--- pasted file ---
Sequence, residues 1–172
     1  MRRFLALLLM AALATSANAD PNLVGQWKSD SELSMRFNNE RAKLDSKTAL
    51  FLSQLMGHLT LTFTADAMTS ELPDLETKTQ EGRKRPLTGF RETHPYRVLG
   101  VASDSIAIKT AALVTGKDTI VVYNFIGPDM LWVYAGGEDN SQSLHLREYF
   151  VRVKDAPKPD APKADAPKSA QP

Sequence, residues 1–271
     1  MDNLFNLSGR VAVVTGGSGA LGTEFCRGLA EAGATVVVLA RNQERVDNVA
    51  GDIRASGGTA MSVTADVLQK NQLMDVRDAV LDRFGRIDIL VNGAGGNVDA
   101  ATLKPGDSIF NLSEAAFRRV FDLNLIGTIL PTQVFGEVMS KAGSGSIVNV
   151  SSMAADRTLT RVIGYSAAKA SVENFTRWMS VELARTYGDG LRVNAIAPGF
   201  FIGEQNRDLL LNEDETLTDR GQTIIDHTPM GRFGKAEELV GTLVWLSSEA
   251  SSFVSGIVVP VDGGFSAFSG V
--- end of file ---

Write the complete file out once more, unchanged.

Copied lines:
Sequence, residues 1–172
     1  MRRFLALLLM AALATSANAD PNLVGQWKSD SELSMRFNNE RAKLDSKTAL
    51  FLSQLMGHLT LTFTADAMTS ELPDLETKTQ EGRKRPLTGF RETHPYRVLG
   101  VASDSIAIKT AALVTGKDTI VVYNFIGPDM LWVYAGGEDN SQSLHLREYF
   151  VRVKDAPKPD APKADAPKSA QP

Sequence, residues 1–271
     1  MDNLFNLSGR VAVVTGGSGA LGTEFCRGLA EAGATVVVLA RNQERVDNVA
    51  GDIRASGGTA MSVTADVLQK NQLMDVRDAV LDRFGRIDIL VNGAGGNVDA
   101  ATLKPGDSIF NLSEAAFRRV FDLNLIGTIL PTQVFGEVMS KAGSGSIVNV
   151  SSMAADRTLT RVIGYSAAKA SVENFTRWMS VELARTYGDG LRVNAIAPGF
   201  FIGEQNRDLL LNEDETLTDR GQTIIDHTPM GRFGKAEELV GTLVWLSSEA
   251  SSFVSGIVVP VDGGFSAFSG V